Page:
SAN FRANCISCO — The University of Oregon has been forced to plunge deeper into a special reserve fund seeded by sneaker magnate Phil Knight to cover interest payments on $200 million of debt sold to pay for one of the most expensive college basketball arenas in the country.
Since the state’s flagship university has been unable to find the money in the athletic department’s operating budget to pay its part of annual debt service on the general obligation bonds, it will now have to lean heavily on its $129 million Legacy Fund, according to an internal memo dated Sept. 28.
Recently hired athletic director Rob Mullens said in the memo that the department would also likely need to ask for an additional $8 million from the special fund to complete the $227 million arena project.
“Over the next four to six years, we are going to need to turn to the Legacy Fund to cover the bulk of the debt payments due each year. Our strong-reliance on the Legacy Fund in the upcoming years will reduce the projected 30-year balance of the fund,” Mullens said in the memo to university president Richard Lariviere.
The school had said the fund — managed by the University of Oregon Foundation — would grow to more than $643 million over the next 30 years.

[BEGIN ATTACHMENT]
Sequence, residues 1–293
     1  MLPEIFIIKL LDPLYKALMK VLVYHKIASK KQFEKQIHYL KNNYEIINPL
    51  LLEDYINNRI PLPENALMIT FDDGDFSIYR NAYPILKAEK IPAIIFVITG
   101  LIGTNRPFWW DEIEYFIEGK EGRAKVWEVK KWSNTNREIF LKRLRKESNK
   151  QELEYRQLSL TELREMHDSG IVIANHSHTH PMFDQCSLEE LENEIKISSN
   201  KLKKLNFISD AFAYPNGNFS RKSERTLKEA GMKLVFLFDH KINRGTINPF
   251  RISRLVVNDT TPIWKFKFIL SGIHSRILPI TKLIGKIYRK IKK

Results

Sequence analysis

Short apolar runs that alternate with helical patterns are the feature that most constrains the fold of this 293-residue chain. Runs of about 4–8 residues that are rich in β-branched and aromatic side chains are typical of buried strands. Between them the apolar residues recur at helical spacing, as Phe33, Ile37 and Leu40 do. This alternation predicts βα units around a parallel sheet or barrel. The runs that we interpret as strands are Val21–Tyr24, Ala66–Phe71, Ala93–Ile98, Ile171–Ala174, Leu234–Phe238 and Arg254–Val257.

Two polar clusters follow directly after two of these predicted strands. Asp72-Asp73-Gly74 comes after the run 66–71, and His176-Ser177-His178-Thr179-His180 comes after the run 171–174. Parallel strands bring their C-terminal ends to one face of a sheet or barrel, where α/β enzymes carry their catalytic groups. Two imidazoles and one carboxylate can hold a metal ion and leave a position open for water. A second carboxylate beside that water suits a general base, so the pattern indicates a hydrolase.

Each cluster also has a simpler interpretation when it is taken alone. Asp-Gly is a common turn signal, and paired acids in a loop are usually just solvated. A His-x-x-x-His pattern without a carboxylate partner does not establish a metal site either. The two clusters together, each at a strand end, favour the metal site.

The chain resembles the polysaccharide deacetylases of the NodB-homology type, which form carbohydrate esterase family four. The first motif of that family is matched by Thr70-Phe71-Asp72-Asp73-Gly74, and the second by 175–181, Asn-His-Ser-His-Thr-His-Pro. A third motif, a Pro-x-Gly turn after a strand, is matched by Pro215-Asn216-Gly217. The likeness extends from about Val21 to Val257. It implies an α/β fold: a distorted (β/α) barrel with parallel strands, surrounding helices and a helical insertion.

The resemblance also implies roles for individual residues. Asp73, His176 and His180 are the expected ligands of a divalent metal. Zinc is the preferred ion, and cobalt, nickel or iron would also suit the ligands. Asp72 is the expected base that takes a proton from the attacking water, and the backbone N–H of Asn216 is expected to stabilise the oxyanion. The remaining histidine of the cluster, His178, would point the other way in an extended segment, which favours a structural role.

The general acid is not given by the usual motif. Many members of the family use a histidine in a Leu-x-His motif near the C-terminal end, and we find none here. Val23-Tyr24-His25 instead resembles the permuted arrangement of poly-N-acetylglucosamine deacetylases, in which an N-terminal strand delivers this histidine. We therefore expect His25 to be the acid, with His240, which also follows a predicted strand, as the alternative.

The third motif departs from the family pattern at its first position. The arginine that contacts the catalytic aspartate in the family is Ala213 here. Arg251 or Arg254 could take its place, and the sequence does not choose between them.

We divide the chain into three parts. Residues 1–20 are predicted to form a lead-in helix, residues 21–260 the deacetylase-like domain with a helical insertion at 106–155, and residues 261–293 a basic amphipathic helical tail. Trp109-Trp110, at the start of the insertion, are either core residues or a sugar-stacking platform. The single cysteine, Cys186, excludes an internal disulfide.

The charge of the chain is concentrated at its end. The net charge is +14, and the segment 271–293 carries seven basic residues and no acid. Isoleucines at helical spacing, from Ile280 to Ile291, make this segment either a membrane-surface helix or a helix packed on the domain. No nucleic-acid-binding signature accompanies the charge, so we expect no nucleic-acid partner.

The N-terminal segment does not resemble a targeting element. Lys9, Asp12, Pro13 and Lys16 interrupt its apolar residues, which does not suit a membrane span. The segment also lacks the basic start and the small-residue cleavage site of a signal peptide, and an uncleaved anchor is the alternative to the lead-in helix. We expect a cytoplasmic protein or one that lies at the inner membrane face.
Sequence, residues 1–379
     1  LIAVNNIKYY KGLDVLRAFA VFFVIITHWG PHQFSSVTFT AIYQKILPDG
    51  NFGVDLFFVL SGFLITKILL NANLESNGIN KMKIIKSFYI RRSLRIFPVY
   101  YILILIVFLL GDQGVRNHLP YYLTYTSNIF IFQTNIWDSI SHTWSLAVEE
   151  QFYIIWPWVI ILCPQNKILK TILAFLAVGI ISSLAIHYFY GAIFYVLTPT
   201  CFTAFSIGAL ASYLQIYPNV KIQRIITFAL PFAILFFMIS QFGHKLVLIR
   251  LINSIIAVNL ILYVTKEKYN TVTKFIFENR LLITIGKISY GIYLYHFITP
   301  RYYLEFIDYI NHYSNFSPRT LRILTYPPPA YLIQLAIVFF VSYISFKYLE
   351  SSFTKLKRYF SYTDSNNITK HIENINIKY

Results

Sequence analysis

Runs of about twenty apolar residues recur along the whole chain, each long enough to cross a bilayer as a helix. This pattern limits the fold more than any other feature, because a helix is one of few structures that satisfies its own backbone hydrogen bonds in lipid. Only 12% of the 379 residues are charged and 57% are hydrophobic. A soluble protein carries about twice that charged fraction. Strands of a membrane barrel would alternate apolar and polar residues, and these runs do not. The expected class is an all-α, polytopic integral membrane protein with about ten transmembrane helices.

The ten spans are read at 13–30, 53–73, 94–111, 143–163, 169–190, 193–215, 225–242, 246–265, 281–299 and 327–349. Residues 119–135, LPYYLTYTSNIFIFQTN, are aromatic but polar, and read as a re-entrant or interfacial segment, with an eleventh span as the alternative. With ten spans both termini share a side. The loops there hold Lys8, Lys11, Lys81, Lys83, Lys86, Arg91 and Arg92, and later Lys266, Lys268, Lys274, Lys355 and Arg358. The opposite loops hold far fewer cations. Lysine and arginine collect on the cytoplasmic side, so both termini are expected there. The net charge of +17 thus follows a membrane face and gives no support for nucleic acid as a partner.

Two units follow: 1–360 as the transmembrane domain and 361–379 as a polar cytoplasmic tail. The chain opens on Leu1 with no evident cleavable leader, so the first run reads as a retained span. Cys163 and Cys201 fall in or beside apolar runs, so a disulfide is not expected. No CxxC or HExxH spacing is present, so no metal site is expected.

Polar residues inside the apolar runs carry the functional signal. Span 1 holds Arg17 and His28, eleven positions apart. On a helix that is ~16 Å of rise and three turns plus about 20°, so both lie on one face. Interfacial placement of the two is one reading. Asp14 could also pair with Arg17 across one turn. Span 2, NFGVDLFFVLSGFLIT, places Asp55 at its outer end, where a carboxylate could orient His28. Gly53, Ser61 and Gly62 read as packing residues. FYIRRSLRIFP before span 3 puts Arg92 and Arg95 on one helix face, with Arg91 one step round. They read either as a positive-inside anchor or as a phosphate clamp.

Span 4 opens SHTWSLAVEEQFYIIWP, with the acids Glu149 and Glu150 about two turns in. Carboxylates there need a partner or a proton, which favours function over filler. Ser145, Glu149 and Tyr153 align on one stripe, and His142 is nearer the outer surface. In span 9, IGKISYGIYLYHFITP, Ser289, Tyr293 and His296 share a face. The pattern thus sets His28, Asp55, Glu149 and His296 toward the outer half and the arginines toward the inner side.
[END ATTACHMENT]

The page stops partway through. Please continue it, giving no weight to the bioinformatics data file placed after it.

In 2007, Nike founder Knight helped start the increasingly important reserve fund, which was meant as a final backstop for the athletic department, with a $100 million contribution.
Critics had complained the arena would be unprofitable and would burden the school’s general fund.
Mullens said the department’s budget will require “careful stewardship” to maintain self-sufficiency.
This year, the department will have to draw $11.1 million from the fund to cover debt payments, according to university spokesman Phil Weiler.
Annual debt service for the arena project is expected to rise to an estimated $16.3 million per year starting in fiscal 2012. That includes $1.35 million to pay interest on $27 million borrowed to buy the land and also payments on debt sold to build the parking garage, according to Weiler.
But despite the fiscal problems, the taxable bonds carry Oregon’s GO pledge.
Moody’s Investors Service rates the debt Aa1, Fitch Ratings rates it AA-plus and Standard & Poor’s rates it AA.
Athletic department revenues — including ticket sales and donations — have been slated to pay back the bonds.
The university said it decided to go with an all-taxable deal to give it flexibility to raise revenue from naming rights, advertising, and other sponsorship at the arena.
The bonds helped finance the 12,500-seat Matthew Knight Arena named after the Knight’s son, who died at age 34 in a scuba accident.
The arena is said to be one of the most expensive on-campus college basketball venues in the nation.
When it opens this basketball season the arena will replace McArthur Court, a 9,087-seat venue that was built in 1926.